New Zealand Law Society - Failure to inform and comply with employment law obligations unsatisfactory conduct

Failure to inform and comply with employment law obligations unsatisfactory conduct

Where an employer lawyer was found to have breached provisions of employment legislation in respect of their employee by the Employment Relations Authority (ERA) and the Employment Court (EmpC), a Standards Committee (Committee) has found that same conduct to be unsatisfactory conduct. The Committee censured the lawyer and ordered them to pay costs, but no fine.

The ERA and EmpC found employment breaches following a successful personal grievance by the employee legal secretary in respect of a failure to provide an employment agreement and a failure to keep accurate holiday and leave records, amongst other conduct.

In dismissing the lawyer’s argument of double jeopardy, and noting the lawyer had admitted to the conduct, the Committee considered the conduct occurred at a time when the lawyer was providing regulated services or was otherwise conduct related to the provision of regulated services by way of operation of a law practice.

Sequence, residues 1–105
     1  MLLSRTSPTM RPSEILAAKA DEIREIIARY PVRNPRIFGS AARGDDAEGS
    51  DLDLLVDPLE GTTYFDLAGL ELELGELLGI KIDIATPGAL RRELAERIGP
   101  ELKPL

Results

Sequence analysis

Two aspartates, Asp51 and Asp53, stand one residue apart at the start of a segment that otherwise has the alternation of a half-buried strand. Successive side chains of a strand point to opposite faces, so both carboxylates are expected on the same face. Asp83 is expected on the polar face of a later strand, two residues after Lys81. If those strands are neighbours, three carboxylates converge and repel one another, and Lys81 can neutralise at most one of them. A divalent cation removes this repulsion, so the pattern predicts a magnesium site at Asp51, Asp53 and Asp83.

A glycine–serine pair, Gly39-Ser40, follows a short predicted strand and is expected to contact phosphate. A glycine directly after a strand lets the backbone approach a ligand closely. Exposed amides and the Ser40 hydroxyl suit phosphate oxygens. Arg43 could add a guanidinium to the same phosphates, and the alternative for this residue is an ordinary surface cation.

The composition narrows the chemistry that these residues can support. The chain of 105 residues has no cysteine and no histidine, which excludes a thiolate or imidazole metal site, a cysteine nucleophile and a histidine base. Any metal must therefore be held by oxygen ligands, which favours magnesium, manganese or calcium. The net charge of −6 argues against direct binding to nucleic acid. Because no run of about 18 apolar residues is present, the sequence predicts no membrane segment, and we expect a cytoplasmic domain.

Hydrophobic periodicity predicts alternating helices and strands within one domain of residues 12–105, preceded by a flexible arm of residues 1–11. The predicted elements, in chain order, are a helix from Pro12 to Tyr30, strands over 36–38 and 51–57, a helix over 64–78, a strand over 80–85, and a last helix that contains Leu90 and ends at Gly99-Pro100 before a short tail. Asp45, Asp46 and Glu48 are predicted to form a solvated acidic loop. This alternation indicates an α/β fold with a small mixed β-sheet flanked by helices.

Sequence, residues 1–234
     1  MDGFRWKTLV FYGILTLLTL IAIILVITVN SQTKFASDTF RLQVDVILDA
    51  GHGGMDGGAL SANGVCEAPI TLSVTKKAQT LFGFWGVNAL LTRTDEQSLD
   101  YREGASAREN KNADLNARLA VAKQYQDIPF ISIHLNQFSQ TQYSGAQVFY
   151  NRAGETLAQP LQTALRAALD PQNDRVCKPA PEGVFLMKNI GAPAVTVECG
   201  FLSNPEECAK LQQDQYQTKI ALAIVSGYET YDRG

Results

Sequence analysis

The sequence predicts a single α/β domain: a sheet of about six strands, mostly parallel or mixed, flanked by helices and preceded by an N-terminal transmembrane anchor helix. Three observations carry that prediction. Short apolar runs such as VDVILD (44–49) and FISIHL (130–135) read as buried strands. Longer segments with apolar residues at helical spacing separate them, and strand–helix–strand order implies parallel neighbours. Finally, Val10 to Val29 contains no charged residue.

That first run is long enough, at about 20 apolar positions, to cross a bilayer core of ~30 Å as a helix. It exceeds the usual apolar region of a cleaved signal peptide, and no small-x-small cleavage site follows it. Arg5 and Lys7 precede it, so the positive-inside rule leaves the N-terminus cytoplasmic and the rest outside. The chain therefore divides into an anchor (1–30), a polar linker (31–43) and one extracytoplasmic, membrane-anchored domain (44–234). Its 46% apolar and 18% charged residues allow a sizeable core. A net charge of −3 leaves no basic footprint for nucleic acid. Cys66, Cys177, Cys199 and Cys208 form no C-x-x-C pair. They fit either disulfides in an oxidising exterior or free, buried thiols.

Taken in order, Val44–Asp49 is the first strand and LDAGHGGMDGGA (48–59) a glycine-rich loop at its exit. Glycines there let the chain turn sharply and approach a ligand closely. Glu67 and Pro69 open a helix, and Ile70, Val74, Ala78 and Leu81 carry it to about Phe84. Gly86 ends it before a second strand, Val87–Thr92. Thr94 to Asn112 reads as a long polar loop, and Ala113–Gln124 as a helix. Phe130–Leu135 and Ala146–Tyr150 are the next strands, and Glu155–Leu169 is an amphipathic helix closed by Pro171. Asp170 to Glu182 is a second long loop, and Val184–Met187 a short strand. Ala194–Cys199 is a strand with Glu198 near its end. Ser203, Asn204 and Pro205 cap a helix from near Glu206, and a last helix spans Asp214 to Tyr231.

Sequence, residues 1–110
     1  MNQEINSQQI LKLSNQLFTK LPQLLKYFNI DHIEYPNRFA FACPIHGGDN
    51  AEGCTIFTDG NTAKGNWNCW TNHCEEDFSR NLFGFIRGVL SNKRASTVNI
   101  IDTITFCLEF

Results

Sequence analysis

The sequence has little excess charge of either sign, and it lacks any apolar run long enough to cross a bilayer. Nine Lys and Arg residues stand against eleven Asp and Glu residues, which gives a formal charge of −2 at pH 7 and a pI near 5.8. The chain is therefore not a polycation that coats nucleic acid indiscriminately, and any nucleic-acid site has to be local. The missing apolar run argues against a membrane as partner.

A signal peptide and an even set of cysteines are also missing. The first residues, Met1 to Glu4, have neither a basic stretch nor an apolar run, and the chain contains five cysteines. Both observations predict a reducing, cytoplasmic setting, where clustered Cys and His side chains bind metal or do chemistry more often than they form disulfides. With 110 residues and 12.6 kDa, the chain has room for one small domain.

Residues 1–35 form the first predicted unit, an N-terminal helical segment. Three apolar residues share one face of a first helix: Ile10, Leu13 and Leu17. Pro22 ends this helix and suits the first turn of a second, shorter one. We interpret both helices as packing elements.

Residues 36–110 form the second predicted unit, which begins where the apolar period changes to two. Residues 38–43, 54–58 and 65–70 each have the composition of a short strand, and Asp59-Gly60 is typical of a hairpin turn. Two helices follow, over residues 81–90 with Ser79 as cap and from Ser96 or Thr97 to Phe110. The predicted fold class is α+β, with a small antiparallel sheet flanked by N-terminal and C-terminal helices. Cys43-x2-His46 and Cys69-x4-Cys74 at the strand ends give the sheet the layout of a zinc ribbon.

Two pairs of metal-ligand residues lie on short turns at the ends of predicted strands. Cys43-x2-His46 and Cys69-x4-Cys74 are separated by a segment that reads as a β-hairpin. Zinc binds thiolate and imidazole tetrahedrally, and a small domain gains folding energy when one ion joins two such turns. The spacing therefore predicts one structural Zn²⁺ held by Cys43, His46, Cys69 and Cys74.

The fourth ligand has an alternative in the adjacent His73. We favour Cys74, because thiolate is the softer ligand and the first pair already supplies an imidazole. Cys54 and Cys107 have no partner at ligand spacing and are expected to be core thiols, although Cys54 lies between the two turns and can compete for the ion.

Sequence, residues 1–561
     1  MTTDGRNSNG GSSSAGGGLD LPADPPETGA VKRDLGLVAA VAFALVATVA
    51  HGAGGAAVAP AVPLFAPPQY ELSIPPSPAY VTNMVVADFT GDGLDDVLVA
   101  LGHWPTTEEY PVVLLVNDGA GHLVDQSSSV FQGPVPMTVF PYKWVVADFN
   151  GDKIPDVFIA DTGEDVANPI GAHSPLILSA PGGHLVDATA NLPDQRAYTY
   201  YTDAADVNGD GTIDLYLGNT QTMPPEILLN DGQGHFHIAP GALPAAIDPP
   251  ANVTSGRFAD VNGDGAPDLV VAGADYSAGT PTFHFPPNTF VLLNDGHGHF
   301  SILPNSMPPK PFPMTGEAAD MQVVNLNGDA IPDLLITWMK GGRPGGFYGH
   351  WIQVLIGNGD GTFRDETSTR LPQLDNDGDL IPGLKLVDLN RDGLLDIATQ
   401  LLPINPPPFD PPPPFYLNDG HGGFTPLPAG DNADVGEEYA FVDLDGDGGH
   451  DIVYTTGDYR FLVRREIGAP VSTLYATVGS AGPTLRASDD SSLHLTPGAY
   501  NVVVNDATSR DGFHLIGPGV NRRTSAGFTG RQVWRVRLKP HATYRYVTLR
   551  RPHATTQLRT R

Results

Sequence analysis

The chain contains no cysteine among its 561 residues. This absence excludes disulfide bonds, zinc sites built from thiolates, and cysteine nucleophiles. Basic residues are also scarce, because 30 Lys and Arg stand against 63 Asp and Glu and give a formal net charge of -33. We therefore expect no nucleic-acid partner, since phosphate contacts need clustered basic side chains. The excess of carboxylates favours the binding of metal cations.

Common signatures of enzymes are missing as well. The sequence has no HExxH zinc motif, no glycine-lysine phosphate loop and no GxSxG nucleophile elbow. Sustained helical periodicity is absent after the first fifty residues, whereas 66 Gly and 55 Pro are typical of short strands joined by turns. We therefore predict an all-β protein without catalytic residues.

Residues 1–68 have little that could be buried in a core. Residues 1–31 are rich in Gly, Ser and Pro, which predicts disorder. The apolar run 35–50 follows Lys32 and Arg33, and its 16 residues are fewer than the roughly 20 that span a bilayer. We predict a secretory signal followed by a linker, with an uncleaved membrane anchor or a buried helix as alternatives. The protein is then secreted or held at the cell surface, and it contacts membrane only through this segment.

The Committee further considered the conduct contravened the lawyer’s obligations under rr 11 and 11.3 of the Lawyers and Conveyancers Act (Lawyers: Conduct and Client Care) Rules 2008 (Conduct and Client Care Rules) as they stood at the time (rr 11 and 11.1 currently). These rules establish a lawyer:

  • must administer their practice in a manner that ensures the reputation of the legal profession is preserved; and
  • must ensure the practice is always competently supervised and managed.

In defending themselves, the lawyer argued ignorance of employment law as it was an area in which they had never practised. The Committee considered the failure of the lawyer to inform themselves of, and comply with, employment obligations (and statute) within their own practice was unacceptable, noting those “failures were inconsistent with [the lawyer’s] obligation to administer, supervise, and manage [their] law practice in a manner that ensured the reputation of the profession was preserved.”

Having found breaches of the Conduct and Client Care Rules, the Committee censured the lawyer and ordered costs. A fine was considered inappropriate taking account of the orders already made by the EmpC.